N.J. Constitutional Convention: Vol. 4, Page 232
the Chancellor and to the equity precedents. It is only in a rare case that I found a conflict between Vice-Chancellors administering equity under the Chancellor, whereas in New York each justice of the Supreme Court is a law unto himself. There is no Chancellor to whom he is subordinate. When he administers equity, he is the court. And in my compilation of decisions in New York State I found that in almost every single case in equity you could find almost as many decisions on one side as on the other, because the justices who had administered equity felt that they were entitled to have their own views and were not bound by the precedents of others who were coordinate with them.
Now, take what you have today in the unified system in federal court. I was chosen years ago to debate with Professor Morgan and with Dean Clark, now Judge Clark of the Second Circuit, on the efficacy of the then drafted federal rules, and I was considered a rebel because I had used the Practice Act of 1912 of New Jersey as my model.
In the unification there you will find the bench and bar overburdened, not so much with substantive law, but with the varying interpretation of federal rules. I think in the few years that the federal rules are in existence there are already five large volumes of precedents. And then, there is the Advance Reports which comes out every week, and you just simply can't follow the interpretation by the federal judges of their own federal rules. In addition to that, just as in New York, the federal courts are not bound by the decisions of other districts, nor are their appellate divisions or separate courts of appeal bound by the other circuits. If you pick up a volume of the United States Supreme Court Reports any day it comes out, you will find a judge making a statement something like this: "This case comes from the Third Circuit. Because of a diversity of opinion with the Second or Ninth, we are reviewing it."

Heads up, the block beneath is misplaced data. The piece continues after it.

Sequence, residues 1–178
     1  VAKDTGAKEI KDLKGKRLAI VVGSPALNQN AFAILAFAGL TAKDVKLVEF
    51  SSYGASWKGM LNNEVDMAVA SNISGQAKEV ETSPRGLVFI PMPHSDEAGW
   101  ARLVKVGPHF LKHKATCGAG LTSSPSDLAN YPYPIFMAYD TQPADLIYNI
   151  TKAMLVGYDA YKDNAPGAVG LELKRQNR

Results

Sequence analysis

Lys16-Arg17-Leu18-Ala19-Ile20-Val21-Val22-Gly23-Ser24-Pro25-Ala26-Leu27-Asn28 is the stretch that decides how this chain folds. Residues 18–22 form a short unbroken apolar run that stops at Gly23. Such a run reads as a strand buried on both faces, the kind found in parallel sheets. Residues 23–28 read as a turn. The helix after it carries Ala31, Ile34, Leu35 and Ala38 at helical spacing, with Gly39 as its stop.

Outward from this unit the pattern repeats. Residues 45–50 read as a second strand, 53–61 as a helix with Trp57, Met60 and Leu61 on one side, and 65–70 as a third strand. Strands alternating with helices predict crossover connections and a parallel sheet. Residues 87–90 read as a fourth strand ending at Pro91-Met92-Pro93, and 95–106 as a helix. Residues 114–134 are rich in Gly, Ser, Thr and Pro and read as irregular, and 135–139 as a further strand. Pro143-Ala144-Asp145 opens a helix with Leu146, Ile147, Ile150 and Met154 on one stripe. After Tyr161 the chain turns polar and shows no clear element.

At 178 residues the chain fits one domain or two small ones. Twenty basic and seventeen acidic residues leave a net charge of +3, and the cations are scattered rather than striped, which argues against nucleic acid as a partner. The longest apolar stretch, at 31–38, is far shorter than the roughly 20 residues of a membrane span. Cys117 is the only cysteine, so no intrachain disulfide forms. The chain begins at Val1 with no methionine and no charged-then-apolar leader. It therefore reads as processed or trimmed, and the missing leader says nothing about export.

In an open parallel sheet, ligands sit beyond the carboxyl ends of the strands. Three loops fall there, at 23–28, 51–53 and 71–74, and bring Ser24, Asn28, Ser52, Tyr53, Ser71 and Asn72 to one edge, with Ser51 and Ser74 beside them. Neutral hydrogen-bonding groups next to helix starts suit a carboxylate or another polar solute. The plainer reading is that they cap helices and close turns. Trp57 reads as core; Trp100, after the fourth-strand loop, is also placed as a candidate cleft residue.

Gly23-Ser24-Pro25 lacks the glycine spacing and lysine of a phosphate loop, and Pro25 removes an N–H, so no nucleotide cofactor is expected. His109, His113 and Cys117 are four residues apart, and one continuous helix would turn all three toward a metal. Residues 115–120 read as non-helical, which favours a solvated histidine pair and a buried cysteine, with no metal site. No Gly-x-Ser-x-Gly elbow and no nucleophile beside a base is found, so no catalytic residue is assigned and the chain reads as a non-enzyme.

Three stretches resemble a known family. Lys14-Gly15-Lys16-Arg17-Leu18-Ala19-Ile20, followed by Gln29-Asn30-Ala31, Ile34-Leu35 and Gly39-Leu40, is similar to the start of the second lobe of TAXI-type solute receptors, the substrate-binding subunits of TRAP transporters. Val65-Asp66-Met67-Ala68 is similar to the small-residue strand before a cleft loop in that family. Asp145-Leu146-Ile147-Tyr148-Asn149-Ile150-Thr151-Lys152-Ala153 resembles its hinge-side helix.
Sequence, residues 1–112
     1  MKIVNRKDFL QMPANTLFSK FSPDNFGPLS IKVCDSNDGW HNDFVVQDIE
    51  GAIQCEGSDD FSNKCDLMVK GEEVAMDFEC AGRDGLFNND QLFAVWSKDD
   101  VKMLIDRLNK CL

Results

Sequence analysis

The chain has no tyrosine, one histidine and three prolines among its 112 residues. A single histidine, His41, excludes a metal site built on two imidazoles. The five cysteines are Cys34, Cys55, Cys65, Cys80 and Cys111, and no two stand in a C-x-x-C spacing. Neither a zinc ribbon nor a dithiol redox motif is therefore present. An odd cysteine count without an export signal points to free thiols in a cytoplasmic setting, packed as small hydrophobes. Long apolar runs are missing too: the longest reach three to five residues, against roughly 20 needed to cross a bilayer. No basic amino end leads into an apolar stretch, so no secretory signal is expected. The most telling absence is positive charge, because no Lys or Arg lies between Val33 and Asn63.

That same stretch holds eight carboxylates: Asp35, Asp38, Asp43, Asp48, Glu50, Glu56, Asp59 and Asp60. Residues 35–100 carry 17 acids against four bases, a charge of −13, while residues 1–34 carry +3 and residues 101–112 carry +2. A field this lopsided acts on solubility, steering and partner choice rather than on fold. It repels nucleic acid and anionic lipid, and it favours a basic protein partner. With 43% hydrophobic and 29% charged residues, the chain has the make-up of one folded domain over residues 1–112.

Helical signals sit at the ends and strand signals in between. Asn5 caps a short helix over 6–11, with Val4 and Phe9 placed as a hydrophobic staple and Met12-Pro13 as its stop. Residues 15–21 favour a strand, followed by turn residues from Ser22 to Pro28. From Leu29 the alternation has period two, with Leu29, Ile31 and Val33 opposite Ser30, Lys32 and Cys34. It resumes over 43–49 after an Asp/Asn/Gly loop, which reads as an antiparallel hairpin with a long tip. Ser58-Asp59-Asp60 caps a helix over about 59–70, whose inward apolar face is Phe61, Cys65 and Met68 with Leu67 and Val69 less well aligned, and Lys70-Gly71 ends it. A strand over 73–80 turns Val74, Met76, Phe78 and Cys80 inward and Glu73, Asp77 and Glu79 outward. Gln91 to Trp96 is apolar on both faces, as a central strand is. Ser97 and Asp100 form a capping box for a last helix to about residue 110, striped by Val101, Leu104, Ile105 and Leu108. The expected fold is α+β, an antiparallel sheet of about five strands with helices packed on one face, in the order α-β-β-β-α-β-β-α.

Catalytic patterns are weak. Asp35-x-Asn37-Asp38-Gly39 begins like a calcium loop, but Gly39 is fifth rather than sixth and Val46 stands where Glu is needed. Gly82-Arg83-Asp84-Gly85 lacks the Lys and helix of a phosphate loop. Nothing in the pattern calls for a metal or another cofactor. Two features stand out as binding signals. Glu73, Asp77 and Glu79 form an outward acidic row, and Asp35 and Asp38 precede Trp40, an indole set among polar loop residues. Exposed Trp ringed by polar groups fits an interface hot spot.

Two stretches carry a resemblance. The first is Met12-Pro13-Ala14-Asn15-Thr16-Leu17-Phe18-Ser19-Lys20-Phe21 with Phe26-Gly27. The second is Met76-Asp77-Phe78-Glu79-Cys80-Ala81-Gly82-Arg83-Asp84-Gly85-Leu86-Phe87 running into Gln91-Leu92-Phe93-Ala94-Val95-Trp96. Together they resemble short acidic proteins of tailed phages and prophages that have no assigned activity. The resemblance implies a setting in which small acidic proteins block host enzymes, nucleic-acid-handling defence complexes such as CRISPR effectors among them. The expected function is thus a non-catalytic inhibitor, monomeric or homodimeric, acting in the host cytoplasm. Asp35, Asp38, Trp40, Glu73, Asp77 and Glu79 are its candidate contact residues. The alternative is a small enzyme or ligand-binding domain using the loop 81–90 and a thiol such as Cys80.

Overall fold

Now, if you have that sort of system established in New Jersey with a Court of Chancery abolished - and I use the term "abolished" because of Justice Colie's statement that he cannot understand the term "abolished" as applied to the Court of Chancery - you would have each judge a coordinate judge. He will not be a member of the Court of Chancery. He will be a judge in his own right - a king in his own right - and you will have a contrariety of opinions by these coordinated judges, and you will magnify the appeals that will have to be taken to the Court of Appeals on equity matters, because there are conflicts between the coordinated judges. In New York State -
MR. McGRATH: Can you give one example of that?
MR. KAUFMAN: I would say - I don't quite get you, Judge
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